The ratio of the unsigned coefficients for the discriminants of $x^n+bx+c$ for $n=2$ to $5$ follow a simple pattern:

$$\left (\frac{2^2}{1^1},\frac{3^3}{2^2},\frac{4^4}{3^3},\frac{5^5}{4^4} \right )=\left ( \frac{4}{1},\frac{27}{4},\frac{256}{27},\frac{3125}{256} \right )$$

corresponding to the discriminants

$$(b^2-4c, -4b^3-27c^2,-27b^4+256c^3,256b^5+3125c^4).$$

Does the pattern for the ratios extend to higher orders? (An online reference would be appreciated.)

  • $\begingroup$ The general formula for the discriminant curve is given on page 248 of Forsyth's Theory of Differential Equations Part II (Cambridge, 1900) as $\left ( \frac{c}{n-1} \right )^{n-1}-\left ( -\frac{b}{n} \right )^{n}=0$. $\endgroup$ – Tom Copeland Jul 1 '12 at 23:03
  • $\begingroup$ These results (and book about discriminants by Gelfand, Kapranov and Zelevinsky) could interest you too. $\endgroup$ – Raymond Manzoni Feb 24 '14 at 23:41
  • 1
    $\begingroup$ See also section 6 of "Discriminating deltas, depressed equations, and generalized Catalan numbers" (tcjpn.wordpress.com/2012/06/13/…) to relate the tangents of the discriminant curve to the equation $x^n + b x + c = 0$. $\endgroup$ – Tom Copeland Aug 1 '16 at 23:33
  • $\begingroup$ See also p. 775 of "Function series, Catalan numbers and random walks on trees" by Bajunaid, Cohen, Colonna, and Singman $\endgroup$ – Tom Copeland Dec 25 '19 at 16:50

Yes. Sketch: $b$ is a symmetric polynomial of degree $n-1$ in the roots and $c$ is a symmetric polynomial of degree $n$, whereas the entire discriminant is a symmetric polynomial of degree $n(n-1)$. It follows that the discriminant is a linear combination of $b^n$ and $c^{n-1}$, and the coefficients can be determined by setting $b = 0, c = -1$ and then $b = -1, c = 0$ and reducing to the computation of the discriminant of $x^n - 1$.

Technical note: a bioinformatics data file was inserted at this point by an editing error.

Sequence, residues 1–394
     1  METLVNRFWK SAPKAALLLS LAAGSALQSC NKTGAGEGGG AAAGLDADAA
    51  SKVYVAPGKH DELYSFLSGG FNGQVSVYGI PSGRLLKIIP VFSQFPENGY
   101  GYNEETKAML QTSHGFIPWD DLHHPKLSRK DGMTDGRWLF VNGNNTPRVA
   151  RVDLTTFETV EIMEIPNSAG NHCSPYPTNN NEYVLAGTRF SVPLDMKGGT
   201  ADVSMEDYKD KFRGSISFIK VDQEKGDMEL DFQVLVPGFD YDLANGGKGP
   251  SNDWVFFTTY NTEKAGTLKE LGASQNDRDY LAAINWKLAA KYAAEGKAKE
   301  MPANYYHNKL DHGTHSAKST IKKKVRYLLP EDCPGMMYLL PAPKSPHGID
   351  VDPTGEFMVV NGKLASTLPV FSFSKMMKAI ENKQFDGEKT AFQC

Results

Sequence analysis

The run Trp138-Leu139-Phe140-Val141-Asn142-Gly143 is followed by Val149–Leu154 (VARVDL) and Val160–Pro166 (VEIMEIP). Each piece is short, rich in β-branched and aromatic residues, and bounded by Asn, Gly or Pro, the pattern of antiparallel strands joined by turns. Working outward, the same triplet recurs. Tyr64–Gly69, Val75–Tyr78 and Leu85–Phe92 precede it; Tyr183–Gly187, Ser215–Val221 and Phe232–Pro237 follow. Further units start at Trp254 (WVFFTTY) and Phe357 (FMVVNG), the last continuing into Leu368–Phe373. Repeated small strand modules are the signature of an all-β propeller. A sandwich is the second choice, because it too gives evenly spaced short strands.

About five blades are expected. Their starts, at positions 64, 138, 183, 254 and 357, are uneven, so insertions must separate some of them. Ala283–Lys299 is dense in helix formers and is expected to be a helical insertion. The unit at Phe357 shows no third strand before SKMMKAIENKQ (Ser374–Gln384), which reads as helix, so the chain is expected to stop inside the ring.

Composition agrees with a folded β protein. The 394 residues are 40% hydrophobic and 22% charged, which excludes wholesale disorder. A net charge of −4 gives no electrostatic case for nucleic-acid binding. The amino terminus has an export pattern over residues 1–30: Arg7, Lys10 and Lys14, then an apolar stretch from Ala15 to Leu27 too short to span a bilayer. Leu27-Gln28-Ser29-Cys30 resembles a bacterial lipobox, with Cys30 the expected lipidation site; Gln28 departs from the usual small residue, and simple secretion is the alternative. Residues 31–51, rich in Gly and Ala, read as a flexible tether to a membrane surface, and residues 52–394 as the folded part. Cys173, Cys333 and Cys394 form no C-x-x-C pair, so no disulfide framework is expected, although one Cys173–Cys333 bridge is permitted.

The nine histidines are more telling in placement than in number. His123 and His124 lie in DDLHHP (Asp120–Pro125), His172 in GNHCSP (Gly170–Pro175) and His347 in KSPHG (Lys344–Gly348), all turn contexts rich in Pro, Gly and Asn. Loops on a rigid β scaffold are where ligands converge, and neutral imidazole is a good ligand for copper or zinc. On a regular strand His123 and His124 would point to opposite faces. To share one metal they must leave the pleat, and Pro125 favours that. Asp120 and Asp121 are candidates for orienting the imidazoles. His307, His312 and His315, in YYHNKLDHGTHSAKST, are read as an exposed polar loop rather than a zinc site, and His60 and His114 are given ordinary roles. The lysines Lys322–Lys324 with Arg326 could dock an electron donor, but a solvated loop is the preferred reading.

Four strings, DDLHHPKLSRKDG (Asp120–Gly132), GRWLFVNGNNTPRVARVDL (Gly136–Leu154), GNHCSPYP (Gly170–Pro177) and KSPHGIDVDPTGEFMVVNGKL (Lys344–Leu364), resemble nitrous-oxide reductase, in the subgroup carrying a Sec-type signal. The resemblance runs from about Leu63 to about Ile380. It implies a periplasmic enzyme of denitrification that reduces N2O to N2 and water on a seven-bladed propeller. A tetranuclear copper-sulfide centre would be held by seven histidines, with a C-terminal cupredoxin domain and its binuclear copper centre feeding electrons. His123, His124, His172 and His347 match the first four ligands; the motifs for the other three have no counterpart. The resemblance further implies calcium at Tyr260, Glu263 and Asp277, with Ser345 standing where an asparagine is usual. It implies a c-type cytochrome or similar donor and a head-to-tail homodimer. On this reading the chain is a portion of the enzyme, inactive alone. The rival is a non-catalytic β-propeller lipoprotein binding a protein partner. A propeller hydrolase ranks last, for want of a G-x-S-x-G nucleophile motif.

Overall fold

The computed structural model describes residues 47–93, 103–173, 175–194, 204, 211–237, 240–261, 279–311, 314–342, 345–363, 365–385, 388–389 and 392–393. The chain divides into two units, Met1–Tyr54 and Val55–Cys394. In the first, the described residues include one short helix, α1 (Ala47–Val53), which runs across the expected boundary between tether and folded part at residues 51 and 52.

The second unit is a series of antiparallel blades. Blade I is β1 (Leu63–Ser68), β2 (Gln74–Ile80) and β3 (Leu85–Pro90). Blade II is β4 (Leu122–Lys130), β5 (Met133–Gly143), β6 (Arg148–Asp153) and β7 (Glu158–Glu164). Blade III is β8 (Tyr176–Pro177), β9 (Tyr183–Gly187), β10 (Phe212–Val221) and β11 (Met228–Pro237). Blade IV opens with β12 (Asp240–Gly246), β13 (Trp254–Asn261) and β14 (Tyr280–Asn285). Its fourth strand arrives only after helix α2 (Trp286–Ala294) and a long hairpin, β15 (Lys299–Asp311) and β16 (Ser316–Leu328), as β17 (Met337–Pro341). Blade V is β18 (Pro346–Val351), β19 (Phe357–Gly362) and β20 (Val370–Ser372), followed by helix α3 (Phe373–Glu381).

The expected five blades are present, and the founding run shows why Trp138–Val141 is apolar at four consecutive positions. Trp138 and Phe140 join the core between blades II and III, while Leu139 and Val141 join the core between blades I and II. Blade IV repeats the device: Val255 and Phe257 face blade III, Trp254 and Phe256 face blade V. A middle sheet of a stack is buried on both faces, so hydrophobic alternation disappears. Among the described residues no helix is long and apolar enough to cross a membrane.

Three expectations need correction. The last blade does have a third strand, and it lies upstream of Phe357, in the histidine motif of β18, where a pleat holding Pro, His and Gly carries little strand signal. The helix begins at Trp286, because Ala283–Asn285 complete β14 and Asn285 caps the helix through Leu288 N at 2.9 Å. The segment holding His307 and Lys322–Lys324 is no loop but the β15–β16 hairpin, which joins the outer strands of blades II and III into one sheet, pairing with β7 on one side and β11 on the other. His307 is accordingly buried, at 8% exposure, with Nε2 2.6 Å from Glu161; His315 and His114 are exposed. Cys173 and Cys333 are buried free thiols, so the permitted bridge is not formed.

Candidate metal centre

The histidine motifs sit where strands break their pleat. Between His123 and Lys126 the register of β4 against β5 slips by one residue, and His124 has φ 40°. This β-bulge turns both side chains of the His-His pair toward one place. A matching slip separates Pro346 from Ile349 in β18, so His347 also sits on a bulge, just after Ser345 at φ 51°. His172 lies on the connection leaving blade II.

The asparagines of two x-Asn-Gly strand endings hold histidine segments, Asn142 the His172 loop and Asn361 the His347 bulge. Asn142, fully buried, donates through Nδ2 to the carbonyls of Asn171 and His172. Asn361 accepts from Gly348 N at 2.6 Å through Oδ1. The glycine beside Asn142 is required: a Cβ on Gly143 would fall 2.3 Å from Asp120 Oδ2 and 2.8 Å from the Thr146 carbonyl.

• $\begingroup$ This is perhaps the easier way to see where the factor $n^n$ comes from if you are familiar with the DFT matrix, $S_n$, given in ccrma.stanford.edu/~jos/mdft/Matrix_Formulation_DFT.html . $det (S^{*}_{n}S_n)=n^n$ $\endgroup$ – Tom Copeland Jun 22 '12 at 8:54
  • $\begingroup$ Qiaochu, I noticed you deleted your allusion to the Vandermonde matrix, but I think the corresponding Wikipedia reference helps to make the connection between the discriminant and the DFT matrix (as well as other connections). $\endgroup$ – Tom Copeland Jun 22 '12 at 9:38
  • $\begingroup$ @Tom: well, it wasn't quite the right thing to say. It was a specific Vandermonde matrix rather than a general one. $\endgroup$ – Qiaochu Yuan Jun 22 '12 at 10:46
  • $\begingroup$ See also math.stackexchange.com/questions/103491/… and math.stackexchange.com/questions/18119/… $\endgroup$ – Tom Copeland Jun 30 '12 at 12:20
  • $\begingroup$ Why does the discriminant need to be a linear combination of $b^n$ and $c^{n-1}$, given that they are symmetric polynomials in the roots of those particular degrees? $\endgroup$ – PrimeRibeyeDeal Jan 27 '15 at 23:17

Use the relation between the disciminant of $f$ and the resultant of $f$ and $f'$. The resultant is easy to calculate since $f'$ is so simple.

  • $\begingroup$ Thanks, clearly the Sylvester matrix for the resultant has a sub-diagonal related to $n^n$, but then I'm left with understanding where the matrix itself comes from. $\endgroup$ – Tom Copeland Jun 22 '12 at 9:19
  • $\begingroup$ The idea of the resultant of $f$ and $g$ is that it should be zero if and only if $f$ and $g$ have a common (non-constant) factor. That happens if and only if there are polynomials $a$ and $b$ with degree $a$ less than degree $g$, and degree $b$ less than degree $f$, such that $af+bg=0$. And by considering this as a system of linear equations in the coefficients, this happens if and only if the Sylvester matrix is singular. $\endgroup$ – Gerry Myerson Jun 22 '12 at 12:32

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